We obtained data from 3 sources: (1) the VHA Corporate Data Warehouse, which contains data on acute care stays, outpatient visits, inpatient and outpatient diagnoses by International Statistical Classification of Diseases, Tenth Revision, Clinical Modification (ICD-10-CM) codes, laboratory values, vital signs, prescribed outpatient and inpatient medications, and day of death in hospital and community settings; (2) the VHA COVID-19 Shared Data Resource, which contains variables for fact and day of initiation of mechanical ventilation in VHA hospitals (eMethods in the Supplement)16; and (3) the PBM remdesivir emergency use data file, which contains data on remdesivir shipment and administration during the EUA. We used the PBM data to validate VHA Corporate Data Warehouse medication administration data for remdesivir during emergency use.
We first identified all 7388 patients with a first admission to a VHA acute care setting between May 1 and October 8, 2020 (ie, during the remdesivir EUA), with a first polymerase chain reaction (PCR) test positive for SARS-CoV-2 within 14 days before or during hospitalization excluding readmissions (Figure 1). We excluded (1) 145 patients with a first positive PCR test result more than 5 days after admission because these patients may have acquired COVID-19 in the hospital; (2) 740 patients with no primary care visits to the VHA in the 2 years before admission because they lacked data on comorbidity and other risk adjustment variables; (3) 119 patients admitted to hospice care in the inpatient setting on the first day of hospitalization; and (4) 486 patients with no valid values for alanine aminotransferase (ALT), aspartate aminotransferase (AST), or estimated glomerular filtration rate (eGFR) during the hospital stay because PBM limited remdesivir availability to patients with ALT and AST values less than 5 times the upper limit of normal and an eGFR greater than 30 mL/min/1.73 m3. This left 5898 patients in the initial study cohort. We then used propensity score matching to create a second, analytic cohort of patients receiving and not receiving remdesivir.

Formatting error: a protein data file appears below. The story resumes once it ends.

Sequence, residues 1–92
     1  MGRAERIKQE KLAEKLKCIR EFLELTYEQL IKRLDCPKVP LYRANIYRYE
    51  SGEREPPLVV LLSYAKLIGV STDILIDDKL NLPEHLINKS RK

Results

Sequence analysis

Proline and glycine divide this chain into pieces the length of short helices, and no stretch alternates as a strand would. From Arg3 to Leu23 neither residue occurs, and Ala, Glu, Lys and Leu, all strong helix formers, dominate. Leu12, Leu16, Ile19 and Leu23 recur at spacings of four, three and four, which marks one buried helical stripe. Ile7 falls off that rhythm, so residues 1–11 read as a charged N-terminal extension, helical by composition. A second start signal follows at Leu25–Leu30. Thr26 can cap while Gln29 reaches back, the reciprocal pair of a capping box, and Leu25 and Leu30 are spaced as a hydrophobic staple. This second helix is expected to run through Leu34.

The exposure was remdesivir receipt as a time-dependent variable by hospital day. Outcomes were time to all-cause mortality within 30 days of remdesivir initiation (or 30 days of the corresponding hospital day at the time of matching for controls) and time to hospital discharge. Risk adjustment variables included patient age, sex, race/ethnicity, comorbidity, time of positive PCR test result relative to admission, mechanical ventilation use, intensive care unit (ICU) admission, laboratory values (ALT, AST, serum creatinine, eGFR, and total white blood cell count), vital signs (temperature, blood pressure, respiratory rate, and arterial oxygen saturation), outpatient medications before admission, inpatient mediations, and admission month. Race and ethnicity were recorded in the medical record at each medical encounter through patient self-report or patient-proxy report and were included in analyses to assess inclusivity and avoid confounding. We classified ICU stays, first day of mechanical ventilation, laboratory values, vital signs, and inpatient medications as time-dependent variables by hospital day, choosing the most extreme value for laboratory values and vital signs if there was more than 1 recorded in a day. We classified comorbidities based on inpatient and outpatient ICD-10-CM codes in the VHA Corporate Data Warehouse in the 2 years before admission using the method of Quan et al17 (eTable 1 in the Supplement). We did not have data on the amount of supplemental oxygen that patients required on each hospital day.
We used 2 methods to address confounding by indication and the time-dependent nature of treatment and illness severity. Our primary method involved propensity score matching of patients initiating remdesivir treatment to control patients who had not initiated remdesivir treatment by the same hospital day. To ensure consistency of the results, we also applied an alternate approach using marginal structural models with inverse probability of treatment weights by hospital day, following the method of Hernán et al and Robins et al,18,19 and compared the findings.